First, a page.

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# animated pie chart
gifplastic <- plastics1 %>%
  filter(parent_company != "null", parent_company != "Unbranded", parent_company != "Grand Total",
         country %in% c("United States of America", "Philippines", "Indonesia", "Vietnam", "India")) %>%
  group_by(country) %>%
  summarise(hdpe = sum(hdpe),
            ldpe = sum(ldpe),
            o = sum(o),
            pet = sum(pet),
            pp = sum(pp),
            ps = sum(ps),
            pvc = sum(pvc))
df <- pivot_longer(gifplastic, cols = c("hdpe", "ldpe", "o", "pet", "pp", "ps", "pvc"), names_to = "type", values_to = "count")

df2 <- df %>%
  mutate(cp1 = c(0, head(cumsum(count), -1)),
         cp2 = cumsum(count))
  for (i in unique(df2$country)) {
    p = ggplot(df2 %>% filter(country==i), aes(fill=type)) +
      geom_rect(aes(xmin=0, xmax=max(cp2), ymin=cp1, ymax=cp2)) + 
      facet_grid(~country) +
      coord_polar("y", start=0) + 
      scale_x_continuous(limits=c(0,max(df2$cp2))) +
      scale_fill_brewer(type = "qual", palette = 3) +
      ggtitle("Plastics composition by country") +
      theme(text = element_text(size=20),
            plot.title = element_text(face = "bold", hjust = 0),
            axis.title.x = element_blank(),
            axis.title.y = element_blank(),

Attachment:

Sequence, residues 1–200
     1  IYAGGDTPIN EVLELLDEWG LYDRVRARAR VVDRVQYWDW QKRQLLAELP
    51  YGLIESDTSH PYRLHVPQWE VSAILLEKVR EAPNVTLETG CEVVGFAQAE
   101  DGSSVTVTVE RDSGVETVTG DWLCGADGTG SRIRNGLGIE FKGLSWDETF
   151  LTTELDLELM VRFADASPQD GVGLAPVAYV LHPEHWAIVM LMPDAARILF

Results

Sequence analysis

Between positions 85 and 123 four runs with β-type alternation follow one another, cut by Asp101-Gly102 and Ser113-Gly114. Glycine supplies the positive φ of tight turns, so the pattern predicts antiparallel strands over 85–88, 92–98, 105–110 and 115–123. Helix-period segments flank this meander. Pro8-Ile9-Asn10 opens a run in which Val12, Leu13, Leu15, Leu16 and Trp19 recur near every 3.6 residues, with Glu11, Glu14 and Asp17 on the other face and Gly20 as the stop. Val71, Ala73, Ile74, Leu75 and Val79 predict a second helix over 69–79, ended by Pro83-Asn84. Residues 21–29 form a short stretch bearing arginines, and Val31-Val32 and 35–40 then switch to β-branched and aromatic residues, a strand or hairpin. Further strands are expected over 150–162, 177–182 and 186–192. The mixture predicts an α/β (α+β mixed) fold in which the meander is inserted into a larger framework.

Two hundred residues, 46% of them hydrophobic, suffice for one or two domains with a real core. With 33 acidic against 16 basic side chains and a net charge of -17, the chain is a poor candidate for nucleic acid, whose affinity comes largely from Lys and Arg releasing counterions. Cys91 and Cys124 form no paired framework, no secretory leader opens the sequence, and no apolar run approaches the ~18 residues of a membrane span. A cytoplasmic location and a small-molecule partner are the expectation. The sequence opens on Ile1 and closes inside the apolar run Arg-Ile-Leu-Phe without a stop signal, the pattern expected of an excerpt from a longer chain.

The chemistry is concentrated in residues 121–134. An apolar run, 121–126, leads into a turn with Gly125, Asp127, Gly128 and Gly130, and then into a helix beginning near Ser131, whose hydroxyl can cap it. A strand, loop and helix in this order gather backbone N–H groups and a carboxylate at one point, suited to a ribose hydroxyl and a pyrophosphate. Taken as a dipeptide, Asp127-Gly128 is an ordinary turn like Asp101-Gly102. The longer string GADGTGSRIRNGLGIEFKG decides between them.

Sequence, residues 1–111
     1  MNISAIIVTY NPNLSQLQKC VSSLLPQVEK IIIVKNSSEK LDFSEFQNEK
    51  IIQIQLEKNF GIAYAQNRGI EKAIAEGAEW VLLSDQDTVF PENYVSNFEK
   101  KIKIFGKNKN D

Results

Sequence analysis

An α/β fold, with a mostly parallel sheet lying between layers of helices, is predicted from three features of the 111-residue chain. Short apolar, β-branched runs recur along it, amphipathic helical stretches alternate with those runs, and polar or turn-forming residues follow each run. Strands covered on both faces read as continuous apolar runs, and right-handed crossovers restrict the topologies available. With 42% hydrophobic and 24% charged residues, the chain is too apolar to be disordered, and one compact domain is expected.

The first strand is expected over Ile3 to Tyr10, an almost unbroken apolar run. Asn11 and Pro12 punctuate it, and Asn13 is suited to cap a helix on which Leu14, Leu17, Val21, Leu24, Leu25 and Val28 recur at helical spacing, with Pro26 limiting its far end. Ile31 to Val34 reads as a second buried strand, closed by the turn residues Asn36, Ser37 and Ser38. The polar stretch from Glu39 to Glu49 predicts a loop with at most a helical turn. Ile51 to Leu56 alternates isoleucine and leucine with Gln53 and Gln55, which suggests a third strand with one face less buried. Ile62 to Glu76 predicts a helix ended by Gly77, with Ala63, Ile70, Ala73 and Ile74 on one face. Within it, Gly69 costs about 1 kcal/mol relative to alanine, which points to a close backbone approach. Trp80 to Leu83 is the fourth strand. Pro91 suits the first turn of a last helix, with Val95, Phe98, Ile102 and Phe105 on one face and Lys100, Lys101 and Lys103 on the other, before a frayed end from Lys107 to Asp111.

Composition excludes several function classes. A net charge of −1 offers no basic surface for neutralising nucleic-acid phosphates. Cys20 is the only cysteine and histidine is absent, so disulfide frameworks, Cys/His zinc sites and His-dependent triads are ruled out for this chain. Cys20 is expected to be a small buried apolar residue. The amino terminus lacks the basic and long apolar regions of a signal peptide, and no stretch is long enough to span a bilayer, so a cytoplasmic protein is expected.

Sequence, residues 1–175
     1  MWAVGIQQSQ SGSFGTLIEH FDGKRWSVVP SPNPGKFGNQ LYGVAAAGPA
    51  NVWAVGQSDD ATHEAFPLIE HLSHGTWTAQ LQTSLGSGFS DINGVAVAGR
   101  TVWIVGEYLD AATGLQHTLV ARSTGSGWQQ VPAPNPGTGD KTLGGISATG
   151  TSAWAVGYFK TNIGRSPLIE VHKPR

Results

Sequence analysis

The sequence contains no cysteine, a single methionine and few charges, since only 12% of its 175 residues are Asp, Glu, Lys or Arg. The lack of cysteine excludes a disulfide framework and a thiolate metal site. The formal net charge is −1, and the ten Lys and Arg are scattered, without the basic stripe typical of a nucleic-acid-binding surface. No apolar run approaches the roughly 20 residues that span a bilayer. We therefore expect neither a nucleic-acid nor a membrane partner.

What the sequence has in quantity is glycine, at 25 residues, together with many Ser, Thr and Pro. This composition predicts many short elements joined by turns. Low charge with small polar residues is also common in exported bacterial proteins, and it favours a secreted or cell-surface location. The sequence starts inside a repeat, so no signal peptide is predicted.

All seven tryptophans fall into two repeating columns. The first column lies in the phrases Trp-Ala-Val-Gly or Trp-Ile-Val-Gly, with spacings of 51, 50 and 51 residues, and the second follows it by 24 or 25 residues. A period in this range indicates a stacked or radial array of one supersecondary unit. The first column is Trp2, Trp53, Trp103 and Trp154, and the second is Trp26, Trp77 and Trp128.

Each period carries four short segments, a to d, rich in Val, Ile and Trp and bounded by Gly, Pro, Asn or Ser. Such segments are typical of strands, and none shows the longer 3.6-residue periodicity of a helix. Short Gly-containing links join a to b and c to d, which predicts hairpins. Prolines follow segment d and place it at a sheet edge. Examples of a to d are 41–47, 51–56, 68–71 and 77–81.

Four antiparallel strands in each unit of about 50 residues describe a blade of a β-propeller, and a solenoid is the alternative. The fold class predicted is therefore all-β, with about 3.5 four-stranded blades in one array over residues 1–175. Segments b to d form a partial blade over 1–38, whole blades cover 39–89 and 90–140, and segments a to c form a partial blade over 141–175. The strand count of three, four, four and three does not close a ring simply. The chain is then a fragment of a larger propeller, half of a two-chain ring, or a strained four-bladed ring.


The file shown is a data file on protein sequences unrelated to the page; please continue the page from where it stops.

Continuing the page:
legend.title = element_text(face = "bold"))  
}, interval = 4, movie.name="test2.gif", ani.width = 600, ani.height = 600)
[1] TRUE
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To further investigate the sources of plastic wastes, we examine the 7 types of plastics (hdpe, ldpe, o, pet, pp, ps, and pvc) in several countries. Each pie chart represents the composition of plastics of each country. The sizes of pie charts indicate the grand total of plastics. According to the graphs, o and/or pet were the two most common plastics in the USA, Vietnam, India, and Indonesia. In India, the proportion of ldpe is about the same as o. However, in the Philippines, pp was the most common plastic and the proportion of pet was much smaller compared to other countries. Ps and pvc were the smallest components among all plastics across countries. Pet, ldpe and hdpe are regarded as safe plastics that are relatively easy to be recycled (“Types of Plastic - A Complete Plastic Numbers Guide” n.d.). It is good news that pet and ldpe were huge components of all plastics in these countries. By contrast, pvc and pp are dangerous plastics and have low recycle rates. Pp plastics composed more than half of the total plastics in the Philippines, which indicates that more efforts should be made to advocate recyclable plastics. The grand totals of plastics in India and Indonesia were relatively small compared to other countries. Since the data only reveals the plastics collected by volunteers, it is possible that the small amount was resulted from inadequate events or volunteers.